The accountant is a calm and composed tale which tries to narrate a disturbing story about a man seeking revenge as well as justice. The calmness surrounding the circumstances might tempt you to fall asleep while a jerk or two in between the plot thanks to J.K Simmon’s narration the film keeps you at the edge as well.
Christian Wolffe suffers from high functioning autism and was very violent and hyper as a child. His brilliance was noticed by a therapist although his mother, unable to handle all the tantrums, left the family. As a grown up (Ben Affleck) Christian is more grounded yet he cannot be challenged. If someone becomes his target then he has a hard time to shake him or her off. Christian listens to rock music with a flash light to keep himself composed. Things have become different for him since he met Dana Cummings (Anna Kendrick) who is targetted for termination since she found out a secret.
This movie is more flawed than it is good. The director’s intention is to reveal Christian’s story parallelly by showing his stable yet “busy” adult life and as a child where he had to be trained and motivated by his father. His father constantly put him in painful and dire circumstances so that his “layers could be peeled off” and the result is someone as tough as “iron man” who does not need a suit. The accountant is an unintentional superhero in this movie. The director failed the humanize this character and the biggest flaw is Ben Affleck himself. Affleck is an actor who has improved dramatically since delivered major disasters like “gigli”, “paycheck” and “daredevil” where he barely moved eyes and facial muscles. The movie “Hollywood land” and “Argo” gave birth to the actor in him as he was controlled and lively. Affleck tried his best to be this mysterious figure who shouldn’t be messed with, yet you want to feel sorry for him as he can’t have a normal life with a woman he had feelings for. We won’t feel for him because he lacked the mystic appearance and he lacked chemistry with Anna Kendrick. Overall, he is steadfast and enough for us to be able to sit through the whole movie. Anna Kendrick tried to add her squash in the form quick dialect but her character lacked the soul. Unless she sits down to talk for 10 minutes straight we barely get to know her. Whenever Kendrick tries to talk to Affleck in the film we could only relate to 100 other films we have watched where the hero is lost and the heroine is trying to cheer him up. Eventually, Kendrick is taken out of the equation, we forget her and not even the tale of that “dress by Vera Wang” makes her memorable. The villain could be identified easily and the filmmakers need to come up with better ideas in terms of presenting. J.K Simmons and Cynthia Adai Robinson could have made this into a much better tale but at the end, we will be like “what were they doing? what was the investigation all about?“. Robinson reveals a story where she took down a drug dealer who sold drugs to her sister, thus saving the latter for a normal life while she paid price. This added the layer to her character but only the for the sake of it. The best part is the character Justine who forms a connection with Wolfe. He keeps the recordings of her translations in his car and listens to while driving. He has some feelings for her and it was a good facet added by the director.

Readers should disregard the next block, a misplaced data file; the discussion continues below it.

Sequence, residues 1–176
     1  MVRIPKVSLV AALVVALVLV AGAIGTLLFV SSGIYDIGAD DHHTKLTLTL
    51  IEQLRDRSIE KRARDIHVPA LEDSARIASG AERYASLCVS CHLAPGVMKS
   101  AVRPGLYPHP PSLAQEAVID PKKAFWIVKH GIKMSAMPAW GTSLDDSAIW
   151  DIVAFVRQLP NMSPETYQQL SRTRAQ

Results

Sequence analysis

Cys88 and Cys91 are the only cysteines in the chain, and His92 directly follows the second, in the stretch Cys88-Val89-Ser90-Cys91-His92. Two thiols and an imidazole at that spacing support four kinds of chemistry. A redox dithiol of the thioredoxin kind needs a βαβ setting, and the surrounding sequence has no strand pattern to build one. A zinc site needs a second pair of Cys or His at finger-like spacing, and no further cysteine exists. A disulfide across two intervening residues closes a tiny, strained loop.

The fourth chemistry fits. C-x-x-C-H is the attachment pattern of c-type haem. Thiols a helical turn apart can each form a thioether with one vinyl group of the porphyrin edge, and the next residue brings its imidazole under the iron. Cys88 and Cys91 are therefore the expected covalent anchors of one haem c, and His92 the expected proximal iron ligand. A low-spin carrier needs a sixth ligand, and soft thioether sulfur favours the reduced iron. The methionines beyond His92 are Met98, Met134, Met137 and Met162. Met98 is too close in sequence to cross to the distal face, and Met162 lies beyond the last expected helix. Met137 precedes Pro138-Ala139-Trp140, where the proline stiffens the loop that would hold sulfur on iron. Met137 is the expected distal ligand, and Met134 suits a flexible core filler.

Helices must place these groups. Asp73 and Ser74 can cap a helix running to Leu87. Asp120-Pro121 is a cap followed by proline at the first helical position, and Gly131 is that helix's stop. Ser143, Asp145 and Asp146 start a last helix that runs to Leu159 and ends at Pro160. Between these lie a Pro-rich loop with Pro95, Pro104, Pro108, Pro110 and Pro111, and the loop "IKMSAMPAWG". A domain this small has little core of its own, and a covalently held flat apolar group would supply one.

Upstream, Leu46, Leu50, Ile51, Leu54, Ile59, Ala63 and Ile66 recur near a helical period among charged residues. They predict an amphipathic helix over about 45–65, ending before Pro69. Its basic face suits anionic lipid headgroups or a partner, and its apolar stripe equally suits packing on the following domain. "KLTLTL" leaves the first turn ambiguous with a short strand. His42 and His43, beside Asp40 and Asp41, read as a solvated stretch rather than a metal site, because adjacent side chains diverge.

Technically, the uplifting aspect is the sound effects notably in the final shootout sequence. The cinematography did a terrific job there as Wolfe was able to blend himself with the background such that none of the shooters could reach within 10 miles of him. His conversation with his long lost relative made this movie anti-climatic and seemed more like the director’s attempts to show off the final twist. The accountant is slow, predictable and hazy. Perhaps, a second viewing might improve the experience.
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